PIERRE | After some legislative finagling, a bill to legalize hemp in South Dakota is still alive.
House Bill 1191 failed to receive a two-thirds majority vote on the Senate floor on Tuesday. But a day later, lawmakers reconsidered an amended version of the bill to allow it to pass with a simple majority. On Wednesday, HB 1191 passed by a vote of 21-14 — the same as Tuesday's.
Previously, the bill allocated funds from a hemp licensing program to a designated fund to be controlled by the state Department of Agriculture. Wednesday's amendment changed the program to flow money into the general fund instead. The amended version of the bill therefore only needed a simple majority.
House Majority Whip Sen. Jordan Youngberg, R-Madison, said after Wednesday's vote that the amendment helps to address some of the Department of Public Safety's concerns with adequate enforcement funding. Youngberg said by putting hemp program monies into the general fund, appropriators could allocate some of the dollars to the DPS to pay for potential increased enforcement and roadside testing.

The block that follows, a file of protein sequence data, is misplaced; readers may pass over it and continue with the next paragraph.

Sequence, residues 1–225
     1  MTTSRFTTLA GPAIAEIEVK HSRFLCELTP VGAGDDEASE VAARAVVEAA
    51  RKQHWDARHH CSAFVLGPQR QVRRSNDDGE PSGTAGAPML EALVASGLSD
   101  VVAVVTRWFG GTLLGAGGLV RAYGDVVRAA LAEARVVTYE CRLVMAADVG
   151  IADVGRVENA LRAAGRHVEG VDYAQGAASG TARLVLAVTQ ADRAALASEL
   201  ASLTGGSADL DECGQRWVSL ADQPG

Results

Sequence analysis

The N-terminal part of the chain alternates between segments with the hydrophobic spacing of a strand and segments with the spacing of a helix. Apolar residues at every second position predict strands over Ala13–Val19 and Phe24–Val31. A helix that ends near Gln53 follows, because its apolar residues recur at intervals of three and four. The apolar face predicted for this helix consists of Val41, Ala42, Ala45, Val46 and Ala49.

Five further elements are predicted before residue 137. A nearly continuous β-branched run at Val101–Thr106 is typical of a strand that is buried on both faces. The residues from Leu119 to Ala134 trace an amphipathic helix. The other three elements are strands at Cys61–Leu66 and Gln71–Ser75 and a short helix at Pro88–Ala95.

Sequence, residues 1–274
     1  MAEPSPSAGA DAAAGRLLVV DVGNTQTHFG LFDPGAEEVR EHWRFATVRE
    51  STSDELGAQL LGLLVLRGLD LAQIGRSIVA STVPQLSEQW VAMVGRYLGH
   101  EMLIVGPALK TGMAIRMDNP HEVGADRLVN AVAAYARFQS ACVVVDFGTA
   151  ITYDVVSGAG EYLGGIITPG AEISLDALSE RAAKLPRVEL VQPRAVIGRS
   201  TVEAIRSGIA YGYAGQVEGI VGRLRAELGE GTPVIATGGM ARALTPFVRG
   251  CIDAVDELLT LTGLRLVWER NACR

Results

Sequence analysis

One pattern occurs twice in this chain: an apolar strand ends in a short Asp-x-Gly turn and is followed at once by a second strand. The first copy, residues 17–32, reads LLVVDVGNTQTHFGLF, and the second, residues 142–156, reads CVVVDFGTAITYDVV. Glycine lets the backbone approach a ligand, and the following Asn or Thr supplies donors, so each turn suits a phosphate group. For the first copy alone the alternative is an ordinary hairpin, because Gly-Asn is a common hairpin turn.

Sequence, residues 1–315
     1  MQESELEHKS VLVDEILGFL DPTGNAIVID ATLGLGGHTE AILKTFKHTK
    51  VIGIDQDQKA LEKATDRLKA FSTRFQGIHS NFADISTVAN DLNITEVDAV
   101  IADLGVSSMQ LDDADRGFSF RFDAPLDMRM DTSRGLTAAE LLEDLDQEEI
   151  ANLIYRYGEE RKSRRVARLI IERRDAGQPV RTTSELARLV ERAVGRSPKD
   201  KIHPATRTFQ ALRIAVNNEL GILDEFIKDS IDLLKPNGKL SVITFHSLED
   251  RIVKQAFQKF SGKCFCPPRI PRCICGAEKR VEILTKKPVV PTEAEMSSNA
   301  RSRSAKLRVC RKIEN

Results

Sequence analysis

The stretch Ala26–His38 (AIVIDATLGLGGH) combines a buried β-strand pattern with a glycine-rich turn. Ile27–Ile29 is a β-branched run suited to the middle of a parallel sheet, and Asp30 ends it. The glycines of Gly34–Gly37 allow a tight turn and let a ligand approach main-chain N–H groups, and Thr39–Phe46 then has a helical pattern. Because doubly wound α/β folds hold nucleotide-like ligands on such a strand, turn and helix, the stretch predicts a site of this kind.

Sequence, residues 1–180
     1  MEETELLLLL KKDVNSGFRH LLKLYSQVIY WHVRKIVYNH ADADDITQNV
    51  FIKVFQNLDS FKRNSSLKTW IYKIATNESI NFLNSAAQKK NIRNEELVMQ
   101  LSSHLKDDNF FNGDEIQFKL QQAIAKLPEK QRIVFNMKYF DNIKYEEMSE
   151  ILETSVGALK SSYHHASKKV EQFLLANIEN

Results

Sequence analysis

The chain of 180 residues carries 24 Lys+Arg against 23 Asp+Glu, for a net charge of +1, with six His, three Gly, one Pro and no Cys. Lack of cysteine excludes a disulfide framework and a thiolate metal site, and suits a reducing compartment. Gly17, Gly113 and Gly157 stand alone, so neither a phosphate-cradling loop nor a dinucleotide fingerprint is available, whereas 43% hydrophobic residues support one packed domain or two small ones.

Otherwise, Youngberg said any unused program dollars would just sit in the fund unused.
Youngberg also admitted the amendment was, in part, a strategic move to lower the bill's vote threshold.
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"We're the legislative branch," Youngberg said following the vote. "We're the people's branch and I think the majority of the people have spoken that they want the opportunity to grow hemp."
Because it has been amended, the House has to vote on the bill again before it can head to Noem's desk. The House previously voted in favor of the bill by an overwhelming majority of 65-2.
From the start, Noem has discouraged the legislature from passing a hemp legalization bill this session. She said South Dakota "isn't ready" for hemp and she is "100 percent convinced" hemp would lead to the legalization of marijuana.
HB 1191 prime sponsor Rep. Oren Lesmeister, D-Parade, said on Tuesday the bill has been amended to ease the administration's concerns with law enforcement and public health. After passing the amendment, though, Lesmeister said the governor's office changed their stance, saying the bill was, in fact, worse than before.
Noem has not stated whether she would veto the bill. If she does, the legislature could attempt to override her veto with a two-thirds majority vote.
By their previous 65-2 margin, the House could easily override a veto. In order to clear the Senate, though, proponents will need to pick up three more "yes" votes.